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Author(s): Ritschl, Dietrich
The early church distinguished between apostates and the weak who gave way under pressure. Until the Decian persecution (250/51), apostasy, like murder and adultery, ranked as an unforgivable sin. Then (against Novatian protests) penances were introduced (Penitence), and in later canon law distinctions were made. In contrast to heresy, apostasy was defined as a voluntary lapse from the Christian faith (1917 CIC 1325.2) or the Catholic faith (can. 646), or as a willful renunciation of orders or ordination vows (1983 CIC 751, 1364). Excommunication followed automatically. Whereas…

Apostle, Apostolate

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Author(s): Karrer, Martin
In the NT the term “apostle” denotes someone who is sent. “Apostolate” designates the task and authority of an apostle. 1. History of the Term “Apostle” In pre-Christian Greek the word apostolos relates to the act of sending or to an object that is sent. The idea of a person who is sent is rare in classical Greek; in the papyri it occurs later. There the emphasis on someone who is commissioned suggests a link with the ancient Near Eastern office of the emissary, in which the envoy authoritatively represents the one who commissioned him. This thought stands behind the only use in the LXX (3 Kgdms. …

Apostles’ Creed

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Author(s): Lochman, Jan Milič | Meijering, Eginhard P.
1. History and Setting The Apostles’ Creed, an early confession (Confession of Faith), was first referred to as the Symbolum apostolorum in a letter from the Council of Milan (390) to Pope Syricius (384–99). According to an ancient tradition, its text arose from an attempt by the apostles to formulate a common rule of faith, with each apostle contributing a statement. This story, told by T. Rufinus (ca. 345–411), is merely a legend, but it does illustrate the high esteem in which the text was held. The setting of the Apostles’ Creed was early Christian baptism. Statements of fai…

Apostolic Churches

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Author(s): Eggenberger, Oswald
The phrase “apostolic churches” designates several different churches that have reintroduced the office of apostle: the Catholic Apostolic Church, the New Apostolic Church, and various other churches and groups. The several bodies differ in significant ways. 1. Catholic Apostolic Church Around 1830 there was an outbreak of charismatic gifts (tongues, prophecy, and healing; Charisma; Charismatic Movement) in certain revivalist Bible circles in England and Scotland. The central figure in this movement was the Scottish minister Edward Ir…

Apostolic Council

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See Acts of the Apostles

Apostolic Fathers

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Author(s): Paulsen, Henning
1. The Phrase The phrase “Apostolic Fathers” goes back to a 1672 Paris edition prepared by J.-B. Cotelier entitled Ss. Patrum qui temporibus apostolicis floruerunt … opera. This work contained Barnabas, 1 and 2 Clement, the epistles of Ignatius and Polycarp, Martyrdom of Polycarp, and Hermas. Although the historicity is debatable, the phrase has secured a place in historical study. It now applies also to Didache, the Epistle to Diognetus, the Quadratus Fragment, and the fragments of Papias. 2. The Writings 2.1. Didache The work called The Didache, or The Teaching of the Twelve…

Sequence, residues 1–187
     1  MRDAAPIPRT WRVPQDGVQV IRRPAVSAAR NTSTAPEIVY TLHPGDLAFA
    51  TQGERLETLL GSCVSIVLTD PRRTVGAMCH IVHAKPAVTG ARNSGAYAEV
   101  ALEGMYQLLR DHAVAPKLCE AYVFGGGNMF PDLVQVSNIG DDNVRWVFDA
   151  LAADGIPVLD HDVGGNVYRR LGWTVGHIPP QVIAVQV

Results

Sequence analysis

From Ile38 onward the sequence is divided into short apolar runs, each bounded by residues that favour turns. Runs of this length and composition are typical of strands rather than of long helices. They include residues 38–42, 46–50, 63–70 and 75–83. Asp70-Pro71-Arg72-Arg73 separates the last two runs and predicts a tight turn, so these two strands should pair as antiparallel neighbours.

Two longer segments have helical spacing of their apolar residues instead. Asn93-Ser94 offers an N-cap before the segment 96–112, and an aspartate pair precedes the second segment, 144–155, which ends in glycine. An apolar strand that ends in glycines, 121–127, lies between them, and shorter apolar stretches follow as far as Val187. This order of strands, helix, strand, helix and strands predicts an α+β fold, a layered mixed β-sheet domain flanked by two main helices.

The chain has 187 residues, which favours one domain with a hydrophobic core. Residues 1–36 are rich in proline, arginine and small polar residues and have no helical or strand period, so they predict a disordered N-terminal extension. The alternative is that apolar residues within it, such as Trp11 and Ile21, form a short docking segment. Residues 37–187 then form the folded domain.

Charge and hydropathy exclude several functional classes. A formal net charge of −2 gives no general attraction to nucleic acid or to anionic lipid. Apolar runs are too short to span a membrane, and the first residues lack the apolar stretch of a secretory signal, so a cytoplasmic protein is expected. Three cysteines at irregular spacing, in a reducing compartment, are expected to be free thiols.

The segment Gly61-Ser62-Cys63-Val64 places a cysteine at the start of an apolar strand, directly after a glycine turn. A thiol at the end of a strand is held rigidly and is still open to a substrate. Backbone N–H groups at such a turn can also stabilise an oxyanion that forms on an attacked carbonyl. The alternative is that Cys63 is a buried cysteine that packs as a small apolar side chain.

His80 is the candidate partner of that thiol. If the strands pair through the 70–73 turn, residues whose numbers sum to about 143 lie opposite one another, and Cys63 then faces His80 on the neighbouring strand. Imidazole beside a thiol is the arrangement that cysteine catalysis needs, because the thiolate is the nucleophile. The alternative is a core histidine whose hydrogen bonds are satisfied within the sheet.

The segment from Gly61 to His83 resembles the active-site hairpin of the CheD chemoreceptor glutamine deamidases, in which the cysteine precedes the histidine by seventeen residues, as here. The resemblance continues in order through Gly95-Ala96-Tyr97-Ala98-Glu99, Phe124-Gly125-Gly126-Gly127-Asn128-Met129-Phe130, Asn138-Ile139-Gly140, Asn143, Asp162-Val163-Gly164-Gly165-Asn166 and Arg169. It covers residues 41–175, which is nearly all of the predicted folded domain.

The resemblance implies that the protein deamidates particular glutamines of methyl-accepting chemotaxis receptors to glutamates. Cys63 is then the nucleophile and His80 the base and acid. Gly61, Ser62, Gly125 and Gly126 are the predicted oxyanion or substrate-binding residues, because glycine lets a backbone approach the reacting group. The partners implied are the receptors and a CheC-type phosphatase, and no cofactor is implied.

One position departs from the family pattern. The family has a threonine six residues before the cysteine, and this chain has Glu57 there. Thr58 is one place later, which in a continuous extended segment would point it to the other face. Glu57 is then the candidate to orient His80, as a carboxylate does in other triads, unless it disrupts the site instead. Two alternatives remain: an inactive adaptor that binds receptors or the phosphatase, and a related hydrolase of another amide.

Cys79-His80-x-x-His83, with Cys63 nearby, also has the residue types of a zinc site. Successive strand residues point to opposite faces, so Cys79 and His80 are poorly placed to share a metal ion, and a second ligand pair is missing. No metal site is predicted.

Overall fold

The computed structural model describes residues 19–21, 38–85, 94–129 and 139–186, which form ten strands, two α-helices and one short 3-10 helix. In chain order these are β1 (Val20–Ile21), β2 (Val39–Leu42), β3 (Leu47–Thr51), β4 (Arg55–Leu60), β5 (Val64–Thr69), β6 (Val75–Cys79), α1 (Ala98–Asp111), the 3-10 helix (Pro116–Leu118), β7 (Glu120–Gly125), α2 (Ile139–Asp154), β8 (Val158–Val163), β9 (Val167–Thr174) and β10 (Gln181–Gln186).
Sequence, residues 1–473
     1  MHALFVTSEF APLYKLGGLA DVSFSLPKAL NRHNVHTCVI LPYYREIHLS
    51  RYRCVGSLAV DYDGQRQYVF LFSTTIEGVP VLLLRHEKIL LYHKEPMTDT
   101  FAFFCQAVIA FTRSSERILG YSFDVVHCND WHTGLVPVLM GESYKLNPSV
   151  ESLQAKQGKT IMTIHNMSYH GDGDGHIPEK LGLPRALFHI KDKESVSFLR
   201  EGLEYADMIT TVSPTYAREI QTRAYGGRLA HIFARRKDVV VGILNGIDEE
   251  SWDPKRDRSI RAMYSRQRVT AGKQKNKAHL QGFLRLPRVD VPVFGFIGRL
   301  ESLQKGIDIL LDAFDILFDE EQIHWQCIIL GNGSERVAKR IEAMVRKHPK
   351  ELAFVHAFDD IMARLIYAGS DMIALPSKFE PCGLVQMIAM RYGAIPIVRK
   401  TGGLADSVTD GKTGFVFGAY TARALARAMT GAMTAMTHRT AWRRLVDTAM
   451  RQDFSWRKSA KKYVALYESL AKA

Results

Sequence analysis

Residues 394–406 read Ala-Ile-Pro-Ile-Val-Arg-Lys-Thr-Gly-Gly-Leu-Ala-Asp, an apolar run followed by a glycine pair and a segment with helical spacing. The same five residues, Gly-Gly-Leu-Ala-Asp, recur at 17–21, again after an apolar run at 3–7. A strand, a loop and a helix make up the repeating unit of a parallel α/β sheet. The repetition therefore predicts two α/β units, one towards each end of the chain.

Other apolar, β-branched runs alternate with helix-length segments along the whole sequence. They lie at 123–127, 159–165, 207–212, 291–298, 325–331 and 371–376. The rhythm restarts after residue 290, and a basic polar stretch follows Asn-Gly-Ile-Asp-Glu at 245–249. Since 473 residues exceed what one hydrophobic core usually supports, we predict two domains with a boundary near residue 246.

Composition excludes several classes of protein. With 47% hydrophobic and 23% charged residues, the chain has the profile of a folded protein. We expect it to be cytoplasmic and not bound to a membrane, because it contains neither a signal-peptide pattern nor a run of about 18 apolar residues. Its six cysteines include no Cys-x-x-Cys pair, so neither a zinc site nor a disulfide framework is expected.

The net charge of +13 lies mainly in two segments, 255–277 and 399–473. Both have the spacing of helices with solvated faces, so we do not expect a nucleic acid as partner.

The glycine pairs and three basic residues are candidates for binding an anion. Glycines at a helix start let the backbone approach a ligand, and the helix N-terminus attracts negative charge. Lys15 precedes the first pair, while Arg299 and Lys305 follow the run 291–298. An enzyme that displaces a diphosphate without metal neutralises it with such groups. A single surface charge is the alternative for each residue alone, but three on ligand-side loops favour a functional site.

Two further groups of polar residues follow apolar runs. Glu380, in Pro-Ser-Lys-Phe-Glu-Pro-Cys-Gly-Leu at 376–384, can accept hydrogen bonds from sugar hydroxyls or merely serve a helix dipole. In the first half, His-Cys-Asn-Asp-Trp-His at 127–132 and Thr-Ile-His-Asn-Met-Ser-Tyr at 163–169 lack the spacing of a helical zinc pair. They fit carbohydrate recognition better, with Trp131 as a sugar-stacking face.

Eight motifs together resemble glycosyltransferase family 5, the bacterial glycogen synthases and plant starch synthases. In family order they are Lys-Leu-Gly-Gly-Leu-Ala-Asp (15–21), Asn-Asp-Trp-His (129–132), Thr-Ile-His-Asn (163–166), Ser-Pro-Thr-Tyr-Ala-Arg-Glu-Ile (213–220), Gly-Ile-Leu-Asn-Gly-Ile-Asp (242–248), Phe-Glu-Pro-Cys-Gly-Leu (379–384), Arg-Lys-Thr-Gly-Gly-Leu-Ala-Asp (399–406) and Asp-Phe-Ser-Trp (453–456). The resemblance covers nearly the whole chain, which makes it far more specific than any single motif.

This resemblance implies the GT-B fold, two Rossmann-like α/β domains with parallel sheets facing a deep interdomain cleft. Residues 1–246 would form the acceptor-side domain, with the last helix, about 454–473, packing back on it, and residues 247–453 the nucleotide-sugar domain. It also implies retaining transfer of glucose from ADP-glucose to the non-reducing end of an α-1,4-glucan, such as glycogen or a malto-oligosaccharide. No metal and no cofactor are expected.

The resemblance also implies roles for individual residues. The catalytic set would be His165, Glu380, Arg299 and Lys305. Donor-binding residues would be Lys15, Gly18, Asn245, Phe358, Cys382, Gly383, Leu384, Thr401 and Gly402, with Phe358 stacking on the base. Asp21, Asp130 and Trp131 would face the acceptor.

Apostolic Succession

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See Bishop, Episcopate

Arabic Philosophy

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See Islamic Philosophy


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Author(s): Spieckermann, Hermann
The Arameans (Heb. and Aram. ’ ărām, ’ ărammî, ’ rm; Akkad. aramu, arimu, etc.) left an important legacy in the Near East until well into the Christian era, namely, the Aramaic language, which belongs to the West Semitic group and is closely related to Hebrew. The OT contains several passages in Aramaic (Gen. 31:47; Ezra 4:8–6:18; 7:12–26; Jer. 10:11; Dan. 2:4b–7:28); the Hebrew text itself also contains various Aramaisms. Widespread from around the eighth century b.c., Aramaic became an official language in the Persian Empire and, with its many d…


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Author(s): Fritz, Volkmar | Wischmeyer, Wolfgang
1. Biblical Archaeology 1.1. Task The task of biblical archaeology is to investigate the history of settlement and culture of Palestine. This task demands the reconstruction of the history of settlement and the recovery of artifacts by surface exploration and excavation, followed by the collection and interpretation of the artifacts with a view to exhibiting the material culture in the different epochs. Surface exploration involves taking an inventory of whatever remains may still be present. Ruined buildings are seldom available. A site usually consists o…


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Author(s): Seifert, Theodor
C. G. Jung (1875–1961) introduced the concept of archetype into psychology and psychotherapy. In his work with patients Jung was struck by the similarity of personal ideas and fantasies (Imagination) to images and motifs that occur in fairy tales and myths and that have been for centuries the themes of meditation and practice in ritual festivals, visions, and sacred pictures and texts. Such images and motifs have been handed down as tribal lore, creation stories, stories of the end of the world,…